Orientation and the KARE program helped ease the transition of both new and returning students starting school — returning students hadn’t been on campus in six months. Quarantined students were welcomed to campus with a red carpet, music, balloons and banners; although faculty and staff wore masks and had to remain at a distance, it was an emotional moment to see one another in person for the first time. And when local students moved in, there was more celebration and balloons, but it was all hands on deck as parents were asked for the first time not to stay to help their children move in to limit crowds and interactions. Instead, new students were paired with returning students who, along with faculty and staff, helped them move in.
“We needed parents — who were dropping off their kids with tons of luggage and emotions — to trust us, that they would be ok,” says Dakhil. “We even gave them a little thank you package on their way out, to acknowledge the hardship and for not succumbing to emotions. Safety first!”
Although students were in cohort quarantine, meaning they were limited to socializing with others residing within the same dorm wing while remaining masked and distanced, they were also busy with online orientation and the start of classes, so the KARE program evolved again in week four to provide a dose of entertainment and help build connections.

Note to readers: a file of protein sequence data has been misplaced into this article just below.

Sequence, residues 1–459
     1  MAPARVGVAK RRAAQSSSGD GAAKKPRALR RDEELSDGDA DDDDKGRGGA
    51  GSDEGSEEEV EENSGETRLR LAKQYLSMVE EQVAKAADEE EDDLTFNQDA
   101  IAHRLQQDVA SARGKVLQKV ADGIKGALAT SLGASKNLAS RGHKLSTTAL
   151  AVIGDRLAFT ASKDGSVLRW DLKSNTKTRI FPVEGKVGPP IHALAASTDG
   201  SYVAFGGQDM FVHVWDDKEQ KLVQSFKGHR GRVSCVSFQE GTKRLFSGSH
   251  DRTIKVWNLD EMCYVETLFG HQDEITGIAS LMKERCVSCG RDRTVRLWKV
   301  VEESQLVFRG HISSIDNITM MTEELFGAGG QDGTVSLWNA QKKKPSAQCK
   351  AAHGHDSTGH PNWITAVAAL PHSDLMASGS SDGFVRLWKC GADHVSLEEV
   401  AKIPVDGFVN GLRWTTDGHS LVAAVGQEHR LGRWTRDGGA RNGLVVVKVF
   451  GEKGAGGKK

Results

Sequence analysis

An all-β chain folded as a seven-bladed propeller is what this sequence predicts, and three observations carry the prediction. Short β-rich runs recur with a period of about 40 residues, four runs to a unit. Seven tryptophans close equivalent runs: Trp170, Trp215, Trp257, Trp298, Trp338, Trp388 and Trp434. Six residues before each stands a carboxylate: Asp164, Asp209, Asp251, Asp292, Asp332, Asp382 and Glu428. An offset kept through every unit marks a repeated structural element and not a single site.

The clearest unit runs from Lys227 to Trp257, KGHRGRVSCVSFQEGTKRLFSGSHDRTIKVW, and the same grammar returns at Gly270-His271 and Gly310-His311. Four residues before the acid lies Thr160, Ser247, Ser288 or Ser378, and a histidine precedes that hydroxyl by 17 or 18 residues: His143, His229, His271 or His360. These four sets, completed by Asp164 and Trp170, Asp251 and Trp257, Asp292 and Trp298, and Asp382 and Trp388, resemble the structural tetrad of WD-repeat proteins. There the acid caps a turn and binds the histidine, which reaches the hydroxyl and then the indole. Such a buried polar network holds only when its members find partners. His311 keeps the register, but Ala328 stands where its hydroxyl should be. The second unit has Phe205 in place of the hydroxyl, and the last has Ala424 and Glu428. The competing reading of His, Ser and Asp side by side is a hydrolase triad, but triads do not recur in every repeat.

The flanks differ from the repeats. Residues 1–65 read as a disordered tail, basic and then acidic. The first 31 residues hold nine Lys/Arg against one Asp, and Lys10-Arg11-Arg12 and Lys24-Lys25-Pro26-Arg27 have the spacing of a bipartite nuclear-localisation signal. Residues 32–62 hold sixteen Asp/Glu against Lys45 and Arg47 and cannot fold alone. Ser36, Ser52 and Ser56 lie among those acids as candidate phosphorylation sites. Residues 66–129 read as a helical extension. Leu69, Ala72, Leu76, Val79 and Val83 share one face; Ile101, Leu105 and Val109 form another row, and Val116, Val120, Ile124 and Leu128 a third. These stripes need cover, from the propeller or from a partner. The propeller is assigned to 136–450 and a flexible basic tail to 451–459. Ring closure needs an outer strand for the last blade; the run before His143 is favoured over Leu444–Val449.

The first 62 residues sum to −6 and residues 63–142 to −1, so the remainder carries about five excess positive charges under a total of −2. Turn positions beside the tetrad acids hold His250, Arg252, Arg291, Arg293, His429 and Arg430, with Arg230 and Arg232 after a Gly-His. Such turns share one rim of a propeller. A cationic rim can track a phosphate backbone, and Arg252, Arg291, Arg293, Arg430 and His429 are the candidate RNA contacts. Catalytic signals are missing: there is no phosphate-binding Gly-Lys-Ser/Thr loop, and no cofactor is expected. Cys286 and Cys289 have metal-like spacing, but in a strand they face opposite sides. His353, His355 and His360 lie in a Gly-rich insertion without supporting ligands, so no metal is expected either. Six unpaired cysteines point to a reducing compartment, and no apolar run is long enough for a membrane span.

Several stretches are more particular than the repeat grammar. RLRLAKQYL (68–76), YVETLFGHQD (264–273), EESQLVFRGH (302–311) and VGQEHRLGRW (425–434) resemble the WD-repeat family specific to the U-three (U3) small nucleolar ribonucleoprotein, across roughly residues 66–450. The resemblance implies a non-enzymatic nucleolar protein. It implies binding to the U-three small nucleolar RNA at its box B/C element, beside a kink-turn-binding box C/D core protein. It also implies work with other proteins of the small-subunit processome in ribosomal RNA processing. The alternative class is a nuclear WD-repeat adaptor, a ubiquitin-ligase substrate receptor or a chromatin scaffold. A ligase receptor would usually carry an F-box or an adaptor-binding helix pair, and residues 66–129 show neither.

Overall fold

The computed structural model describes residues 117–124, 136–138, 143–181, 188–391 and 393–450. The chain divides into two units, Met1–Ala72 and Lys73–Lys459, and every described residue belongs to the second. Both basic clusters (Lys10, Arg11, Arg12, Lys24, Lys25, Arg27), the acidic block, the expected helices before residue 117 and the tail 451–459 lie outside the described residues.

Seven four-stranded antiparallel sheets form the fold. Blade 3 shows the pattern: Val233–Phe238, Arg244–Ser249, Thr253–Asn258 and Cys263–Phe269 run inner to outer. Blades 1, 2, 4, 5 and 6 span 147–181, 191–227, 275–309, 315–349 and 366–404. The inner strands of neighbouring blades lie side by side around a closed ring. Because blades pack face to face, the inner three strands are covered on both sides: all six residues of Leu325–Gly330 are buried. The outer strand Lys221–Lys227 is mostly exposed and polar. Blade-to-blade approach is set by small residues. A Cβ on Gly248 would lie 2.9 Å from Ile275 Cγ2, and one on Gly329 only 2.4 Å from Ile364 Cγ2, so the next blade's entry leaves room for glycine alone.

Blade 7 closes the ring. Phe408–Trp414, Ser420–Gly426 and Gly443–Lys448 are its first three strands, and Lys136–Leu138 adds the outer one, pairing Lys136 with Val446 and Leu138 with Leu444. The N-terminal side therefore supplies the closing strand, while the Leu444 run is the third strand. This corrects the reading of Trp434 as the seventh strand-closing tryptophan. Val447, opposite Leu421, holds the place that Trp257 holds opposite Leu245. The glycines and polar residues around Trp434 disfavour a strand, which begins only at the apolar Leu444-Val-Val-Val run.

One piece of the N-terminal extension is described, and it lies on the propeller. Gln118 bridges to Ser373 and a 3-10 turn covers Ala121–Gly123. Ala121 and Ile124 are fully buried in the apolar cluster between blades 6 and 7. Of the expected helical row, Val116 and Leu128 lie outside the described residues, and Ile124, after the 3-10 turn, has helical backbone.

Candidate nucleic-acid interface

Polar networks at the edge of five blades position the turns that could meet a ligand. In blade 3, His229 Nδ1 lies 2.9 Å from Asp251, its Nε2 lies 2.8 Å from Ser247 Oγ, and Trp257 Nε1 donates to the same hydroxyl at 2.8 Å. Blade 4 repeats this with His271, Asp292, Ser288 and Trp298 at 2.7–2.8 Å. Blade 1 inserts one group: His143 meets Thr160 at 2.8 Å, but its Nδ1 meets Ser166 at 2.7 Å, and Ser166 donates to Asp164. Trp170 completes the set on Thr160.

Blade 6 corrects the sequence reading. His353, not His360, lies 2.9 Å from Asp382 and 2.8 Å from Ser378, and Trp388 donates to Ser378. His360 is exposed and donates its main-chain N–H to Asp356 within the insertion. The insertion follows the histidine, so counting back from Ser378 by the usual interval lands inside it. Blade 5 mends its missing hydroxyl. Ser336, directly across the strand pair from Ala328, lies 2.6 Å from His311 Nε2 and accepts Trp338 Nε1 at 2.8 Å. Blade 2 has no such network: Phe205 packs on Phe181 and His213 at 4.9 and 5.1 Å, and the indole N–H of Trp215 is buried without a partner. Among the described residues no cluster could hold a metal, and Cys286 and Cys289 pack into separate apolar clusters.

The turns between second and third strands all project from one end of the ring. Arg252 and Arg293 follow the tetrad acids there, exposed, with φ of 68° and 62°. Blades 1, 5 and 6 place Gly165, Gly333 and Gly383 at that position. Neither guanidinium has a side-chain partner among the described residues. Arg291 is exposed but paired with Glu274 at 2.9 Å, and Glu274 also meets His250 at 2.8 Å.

“We held the quarantine version of Madaba Games,” says Nino. Every day KARE would post one of 13 total challenges, from singing to acting, cooking to origami, arts and crafts to sports. A huge box was delivered to each dorm with everything needed for the activity, which the dorm heads would distribute among their cohorts. Students could participate in person within their cohorts or online, and send photos and videos of their efforts to be judged. “Everyone got involved, it really built team spirit,” adds Nino.
After ensuring a strong, spirited start to the year, and as classes got underway, the first iteration of the KARE program ended — over the coming weeks late-arriving students would continue to be welcomed by KARE. However, the spirit and overall philosophy of KARE continued to be in effect throughout the year as new situations and transitions arose, such as a shift back to online learning and the eventual establishment of the Green Zone (see page 6).
“We called it King’s Academy Resiliency Efforts because we knew it would need a lot of effort and stamina,” concludes Dakhil. “It’s the whole community in this struggle together and showing them care and love and thinking of their deeper needs and trying to provide the resources to meet them.”
“When you see kids impacted as they have been this year by COVID-19, there is no doubt you have to mobilize. Everyone working on KARE was super passionate about this project — helping our students is what fuels us.”